Mack: What were your course evals like after that first semester that you did this? 

David: Well, unfortunately, the dirty secret about course evaluations right, is that they, you know, most of what they depend on is, is whether what kind of grades the students get. 

Mack: So if you gave good grades, this was, this was ammunition for approving what a fantastic teacher you are. And if, if, if not, then this is proof of like, what a bizarre professor you were. 

David: And you know, of course I, I, I benefit from structural advantages, of course evaluation as well. We know that they, you know, they disadvantaged people of color, they disadvantaged women, they certainly disadvantaged anyone with an accent.

All that sort of stuff. So as much as I will say the students like to do this kind of stuff. Everything I learned, students like to do this kind of stuff. In terms of the evaluation, who knows? 

Mack: Yeah, I don’t read them either. 

David: Well, at Penn York, actually they’re, at my university. It’s hilarious because in order to account for all the ways that they can be biased. There’s this whole complex system, but so they often don’t get to me until like 18 months later. And so, it’s like at that point I can’t even remember what I was doing. So they’re useless in that way. 

One of my goals as a teacher is to try to create a classroom environment where students are comfortable saying what they like and don’t like in real-time. And actually one of the technical, for those who are teachers up there, I love this tip, is I create a course email account and I give them all the login access so they can email my professor’s account anonymously. All I know is that somebody from the course, cuz I get an email from the course email account.

So if they have a complaint or a concern or that kind of thing, they could send me an anonymous email if they’re not comfortable talking with me about it. So that’s worked really well for me, especially during Covid when you know, we’re managing all sorts of iverse needs around protocols and stuff like that.

Mack: That is so cool. Wow. That’s fascinating. And I was totally joking about not reading my evals. I do read them, but yeah. That, that’s amazing. I, I love that. So, let’s see. Oh, another thing that comes to mind here is that the, the course evaluation is a perfect example of the kind of datafication of things that can’t be datafied and, and perpetuate the inequalities that already exist. Right? David: Exactly. And who is, who is the course evaluation for, Right? And they are, you know, they only existence data, but they only get called upon in sort of cases where something else is afoot.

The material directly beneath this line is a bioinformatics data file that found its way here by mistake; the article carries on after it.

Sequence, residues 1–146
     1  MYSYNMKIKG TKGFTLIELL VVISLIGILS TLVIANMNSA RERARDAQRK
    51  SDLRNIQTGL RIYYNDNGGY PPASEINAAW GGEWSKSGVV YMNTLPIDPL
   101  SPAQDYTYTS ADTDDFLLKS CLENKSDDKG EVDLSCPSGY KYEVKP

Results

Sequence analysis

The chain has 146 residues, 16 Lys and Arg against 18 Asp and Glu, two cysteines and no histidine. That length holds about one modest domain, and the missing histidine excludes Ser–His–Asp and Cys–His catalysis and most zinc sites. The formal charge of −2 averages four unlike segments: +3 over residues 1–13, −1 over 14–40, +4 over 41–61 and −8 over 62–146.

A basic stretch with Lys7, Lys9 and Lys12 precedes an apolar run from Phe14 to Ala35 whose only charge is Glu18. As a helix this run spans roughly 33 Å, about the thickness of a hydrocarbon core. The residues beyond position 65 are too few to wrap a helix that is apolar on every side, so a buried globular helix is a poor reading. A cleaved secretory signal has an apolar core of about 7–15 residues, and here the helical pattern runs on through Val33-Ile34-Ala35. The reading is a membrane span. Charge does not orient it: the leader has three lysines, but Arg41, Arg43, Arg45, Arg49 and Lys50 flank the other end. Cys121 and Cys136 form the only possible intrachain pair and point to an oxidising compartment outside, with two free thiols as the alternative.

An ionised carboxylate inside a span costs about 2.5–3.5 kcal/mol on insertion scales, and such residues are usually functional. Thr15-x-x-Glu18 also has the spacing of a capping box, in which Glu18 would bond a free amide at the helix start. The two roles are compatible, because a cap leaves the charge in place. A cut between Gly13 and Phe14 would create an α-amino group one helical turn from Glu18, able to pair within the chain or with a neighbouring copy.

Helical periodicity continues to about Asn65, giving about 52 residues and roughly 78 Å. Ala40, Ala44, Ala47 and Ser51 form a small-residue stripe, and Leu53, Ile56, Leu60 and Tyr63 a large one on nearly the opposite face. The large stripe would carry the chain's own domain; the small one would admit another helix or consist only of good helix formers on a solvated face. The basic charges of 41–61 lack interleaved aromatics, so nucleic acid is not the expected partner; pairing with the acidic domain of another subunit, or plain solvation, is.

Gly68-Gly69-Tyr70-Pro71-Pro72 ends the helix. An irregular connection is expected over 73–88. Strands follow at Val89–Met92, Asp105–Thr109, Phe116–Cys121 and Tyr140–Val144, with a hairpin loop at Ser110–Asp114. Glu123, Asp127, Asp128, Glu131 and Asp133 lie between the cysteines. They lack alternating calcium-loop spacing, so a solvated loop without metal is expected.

Like if somebody is in danger of not getting tenure or is in danger of getting tenure and, and the university doesn’t want, you know, whatever. But that, those are the sorts of situations where course evaluation, the data is then called forward, but it’s, it’s not, it’s not like it’s called up when you have.

You know, it only, it’s always in service of something else. Right. Other than what it appears to be. 

Mack: Right. And it’s a perfect example of one of those things that nobody believes in and yet everyone believes in. Right? 

David: Yeah. Yeah. It’s like reading reviews of your book or your, your album. It’s like if they’re all bad, nobody, everybody knows reviews are biased and all that, but they’re all bad.

It’s still is depressing. And I admit if I suddenly started getting, you know, bad. One of my, one of my students told me they took the class because they looked me up on, on Rate My Professor. And I thought, oh my gosh, I never have occurred to me to look at myself on Rate My Professor. And as I was looking myself up, I realized, I thought if I got like a one out five, I think it’s, I think it’ll bother me.

Like I think, I think if it was, if all, if I was consistently poorly rated, even though I know that, I know that it’s nonsense. 

Mack: Yeah, yeah. Absolutely. Um, okay, let’s talk about the third example, which is you were, you know, doing these experiments with the Fourier Integral, or sometimes I hear people pronounce it Forer, but since I’m from New Orleans and you’re from Canada, I think we better go with Fourier.

This is, this is a fundamental technology that sort of underlies sound being able to work on the internet and in computer. So, can you talk about how you’ve been playing around with that?